(Published Nov. 2, 2019)
Last Friday, I was fortunate to be a very small part of the continuation of an emotional journey.
Terry Weber and Naoko Shimamura, long-lost cousins who found one another, were together once more, this time at a gathering of the ukulele club of the South Bay Community Church in Torrance. Last year, Japanese reporter Junko Yoshida and I wrote the two-part series that appeared in The Rafu and we’ve stayed in touch with Terry and Naoko ever since.
As a writer, I think you’re lucky if you can write something that touches readers and reveals emotional truths of life and death, of love and redemption.
For me, Terry and Naoko’s story was the one. It was a story that I was sure, if we did our jobs correctly, would have readers in tears at its conclusion.
There were tears again last Friday night, a beautiful gathering of folks, brought together by the gentle strumming of ukulele and also to hear Terry and Naoko’s emotional journey. My aunt Carol Tanaka is one of the ukulele players and hula dancers who performed along to the live Hawaiian music.
Chester Ikei, who leads the seniors in ukulele classes at JACCC, was there as well and served as an interpreter for Naoko, who traveled from Kashiwa, Japan for a visit.
Terry and Naoko both presented videos of their story and how they came to be here in Torrance. Since our story ran in The Rafu, they have remained close. Terry and his wife Sharon returned to Japan, where he met even more of his relatives. He would never have regained his family without Naoko’s determination to find him.
And so, Terry performed a couple songs for his cousin, including “Nada Sou Sou,” written by the Okinawan band Begin and made famous by Rimi Natsukawa. The lyrics describe looking at old photos and it made me think of the photos of Terry’s departed mother, Kimiko, whom we met just months before her passing, and mere months after she reunited with her long-lost son Terry.
“Furui arubamu meguri arigatotte tsubuyaita”
Turning the pages of old photographs I whisper thanks to each and every one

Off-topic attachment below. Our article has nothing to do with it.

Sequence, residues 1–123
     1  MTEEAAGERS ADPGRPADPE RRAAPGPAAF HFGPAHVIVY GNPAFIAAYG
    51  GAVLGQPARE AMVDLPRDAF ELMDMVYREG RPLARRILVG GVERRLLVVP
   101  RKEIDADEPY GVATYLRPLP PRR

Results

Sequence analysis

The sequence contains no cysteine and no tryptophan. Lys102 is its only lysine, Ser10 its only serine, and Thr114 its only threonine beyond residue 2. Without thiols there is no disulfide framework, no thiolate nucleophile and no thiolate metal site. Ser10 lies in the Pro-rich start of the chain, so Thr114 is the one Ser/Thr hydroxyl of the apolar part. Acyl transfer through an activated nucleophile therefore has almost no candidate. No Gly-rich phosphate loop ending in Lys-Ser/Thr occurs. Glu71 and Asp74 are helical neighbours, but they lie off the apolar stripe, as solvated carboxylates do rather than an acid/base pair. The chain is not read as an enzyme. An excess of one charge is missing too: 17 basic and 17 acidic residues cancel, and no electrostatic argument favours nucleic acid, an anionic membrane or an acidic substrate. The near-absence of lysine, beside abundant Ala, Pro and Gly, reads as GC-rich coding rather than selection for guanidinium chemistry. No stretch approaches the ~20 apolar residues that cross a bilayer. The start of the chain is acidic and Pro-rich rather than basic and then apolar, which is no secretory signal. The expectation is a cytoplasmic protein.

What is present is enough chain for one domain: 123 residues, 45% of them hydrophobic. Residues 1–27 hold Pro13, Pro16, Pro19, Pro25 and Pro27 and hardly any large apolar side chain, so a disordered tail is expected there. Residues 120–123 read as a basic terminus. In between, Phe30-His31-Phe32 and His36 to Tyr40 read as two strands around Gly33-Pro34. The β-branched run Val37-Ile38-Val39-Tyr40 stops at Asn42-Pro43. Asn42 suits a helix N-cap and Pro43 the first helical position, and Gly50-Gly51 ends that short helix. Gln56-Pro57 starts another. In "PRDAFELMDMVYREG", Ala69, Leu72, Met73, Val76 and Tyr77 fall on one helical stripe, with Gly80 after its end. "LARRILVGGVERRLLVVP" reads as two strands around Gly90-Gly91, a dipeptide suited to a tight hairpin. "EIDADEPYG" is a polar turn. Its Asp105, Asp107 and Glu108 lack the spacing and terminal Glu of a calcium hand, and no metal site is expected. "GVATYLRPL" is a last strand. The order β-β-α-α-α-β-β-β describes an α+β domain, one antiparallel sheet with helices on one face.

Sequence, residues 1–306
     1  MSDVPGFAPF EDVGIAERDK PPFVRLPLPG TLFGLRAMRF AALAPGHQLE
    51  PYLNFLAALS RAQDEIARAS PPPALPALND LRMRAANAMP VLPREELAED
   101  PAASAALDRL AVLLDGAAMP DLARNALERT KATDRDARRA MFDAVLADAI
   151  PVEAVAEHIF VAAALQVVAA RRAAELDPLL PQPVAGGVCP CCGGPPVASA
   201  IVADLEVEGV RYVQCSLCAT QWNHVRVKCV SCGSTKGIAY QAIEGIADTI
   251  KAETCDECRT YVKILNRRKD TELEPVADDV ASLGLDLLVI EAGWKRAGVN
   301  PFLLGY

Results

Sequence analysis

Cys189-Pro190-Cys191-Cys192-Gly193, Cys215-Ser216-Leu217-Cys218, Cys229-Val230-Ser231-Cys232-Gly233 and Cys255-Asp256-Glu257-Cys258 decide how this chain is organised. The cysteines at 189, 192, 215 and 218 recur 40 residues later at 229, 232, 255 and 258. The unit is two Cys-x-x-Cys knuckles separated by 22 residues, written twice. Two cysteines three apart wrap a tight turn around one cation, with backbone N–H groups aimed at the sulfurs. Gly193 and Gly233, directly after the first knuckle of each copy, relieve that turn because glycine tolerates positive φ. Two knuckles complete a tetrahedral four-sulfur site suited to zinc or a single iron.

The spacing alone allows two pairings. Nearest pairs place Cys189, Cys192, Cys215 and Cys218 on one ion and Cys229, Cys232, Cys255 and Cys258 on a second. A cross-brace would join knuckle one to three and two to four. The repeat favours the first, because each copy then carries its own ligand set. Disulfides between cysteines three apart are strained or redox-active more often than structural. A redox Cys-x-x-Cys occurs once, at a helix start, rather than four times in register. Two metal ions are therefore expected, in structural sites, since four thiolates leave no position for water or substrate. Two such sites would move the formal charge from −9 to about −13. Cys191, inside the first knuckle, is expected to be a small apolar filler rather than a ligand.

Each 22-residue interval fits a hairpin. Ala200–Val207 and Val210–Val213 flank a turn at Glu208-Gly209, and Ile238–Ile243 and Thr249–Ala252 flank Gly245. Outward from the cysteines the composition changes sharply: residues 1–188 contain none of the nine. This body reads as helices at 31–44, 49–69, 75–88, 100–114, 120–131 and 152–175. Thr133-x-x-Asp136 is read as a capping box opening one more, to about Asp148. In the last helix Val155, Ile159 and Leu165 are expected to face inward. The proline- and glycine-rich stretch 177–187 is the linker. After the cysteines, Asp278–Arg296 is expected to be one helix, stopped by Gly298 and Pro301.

As Terry strummed his ukulele and sang softly, I looked to Naoko. Her eyes were shining with tears. It seems very “Japanese” to find sadness in happy occasions like this one and I remain grateful to Terry, Naoko and their entire family for letting us share their story.
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My portion of the evening was to talk about Rafu’s role in telling Terry’s journey to the Japanese American community. As with so many things, the way this happened speaks to the true interconnectedness of the JA community.
Kent Komae contacted me and suggested writing a story about Terry. Without Kent, we probably would never have known Terry’s story, and without a talented Japanese reporter like Junko, the story would have been incomplete. But even beyond that, without the late Ryo Komae and my dad, Tome Muranaka, we may never have connected.
Ryo Komae owned and operated Gardena Pharmacy for decades until his retirement in 1981 and in those years he mentored many young pharmacists, including Dad. After Ryo, Howard Atsumi took over Gardena Pharmacy; I always remember he had a big smile and was one of Dad’s best friends.
Over the years, I’d see Ryo, who would ask how Dad was doing, and in that way I became friends with Kent. Kent does a great job keeping us updated on the Komae Scholarship, named in honor of Kent’s parents Ryo and Jean, and administered by Asian American Christian Counseling Service.
Dad attended Terry’s presentation and got to see Kent once again. It’s humbling to witness the power of a story to bring people together.
Gwen Muranaka, senior editor of The Rafu Shimpo, can be contacted at [email protected]om. Opinions expressed are not necessarily those of The Rafu Shimpo.